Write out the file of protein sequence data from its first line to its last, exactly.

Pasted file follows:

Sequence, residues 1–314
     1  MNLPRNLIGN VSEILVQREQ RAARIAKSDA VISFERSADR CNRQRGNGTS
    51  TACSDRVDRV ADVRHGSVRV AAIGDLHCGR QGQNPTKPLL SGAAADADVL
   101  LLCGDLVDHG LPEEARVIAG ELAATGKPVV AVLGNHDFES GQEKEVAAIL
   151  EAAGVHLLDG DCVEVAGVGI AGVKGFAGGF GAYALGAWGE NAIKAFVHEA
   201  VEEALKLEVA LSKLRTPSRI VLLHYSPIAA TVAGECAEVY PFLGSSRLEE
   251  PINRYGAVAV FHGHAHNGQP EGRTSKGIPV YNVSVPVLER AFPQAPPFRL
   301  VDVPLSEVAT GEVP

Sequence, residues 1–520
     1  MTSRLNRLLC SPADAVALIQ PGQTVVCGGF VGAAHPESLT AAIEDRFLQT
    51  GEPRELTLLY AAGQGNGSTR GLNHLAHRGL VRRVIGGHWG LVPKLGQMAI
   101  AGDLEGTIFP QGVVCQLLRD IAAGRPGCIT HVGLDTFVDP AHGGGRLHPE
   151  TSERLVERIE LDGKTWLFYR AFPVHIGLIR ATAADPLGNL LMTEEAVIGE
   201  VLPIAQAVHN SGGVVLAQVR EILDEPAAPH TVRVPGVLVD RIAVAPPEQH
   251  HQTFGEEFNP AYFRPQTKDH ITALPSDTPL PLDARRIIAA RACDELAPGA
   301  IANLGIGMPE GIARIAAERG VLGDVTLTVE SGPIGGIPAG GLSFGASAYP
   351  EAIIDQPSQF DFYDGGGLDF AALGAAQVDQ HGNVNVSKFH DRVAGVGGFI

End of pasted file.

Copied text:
Sequence, residues 1–314
     1  MNLPRNLIGN VSEILVQREQ RAARIAKSDA VISFERSADR CNRQRGNGTS
    51  TACSDRVDRV ADVRHGSVRV AAIGDLHCGR QGQNPTKPLL SGAAADADVL
   101  LLCGDLVDHG LPEEARVIAG ELAATGKPVV AVLGNHDFES GQEKEVAAIL
   151  EAAGVHLLDG DCVEVAGVGI AGVKGFAGGF GAYALGAWGE NAIKAFVHEA
   201  VEEALKLEVA LSKLRTPSRI VLLHYSPIAA TVAGECAEVY PFLGSSRLEE
   251  PINRYGAVAV FHGHAHNGQP EGRTSKGIPV YNVSVPVLER AFPQAPPFRL
   301  VDVPLSEVAT GEVP

Sequence, residues 1–520
     1  MTSRLNRLLC SPADAVALIQ PGQTVVCGGF VGAAHPESLT AAIEDRFLQT
    51  GEPRELTLLY AAGQGNGSTR GLNHLAHRGL VRRVIGGHWG LVPKLGQMAI
   101  AGDLEGTIFP QGVVCQLLRD IAAGRPGCIT HVGLDTFVDP AHGGGRLHPE
   151  TSERLVERIE LDGKTWLFYR AFPVHIGLIR ATAADPLGNL LMTEEAVIGE
   201  VLPIAQAVHN SGGVVLAQVR EILDEPAAPH TVRVPGVLVD RIAVAPPEQH
   251  HQTFGEEFNP AYFRPQTKDH ITALPSDTPL PLDARRIIAA RACDELAPGA
   301  IANLGIGMPE GIARIAAERG VLGDVTLTVE SGPIGGIPAG GLSFGASAYP
   351  EAIIDQPSQF DFYDGGGLDF AALGAAQVDQ HGNVNVSKFH DRVAGVGGFI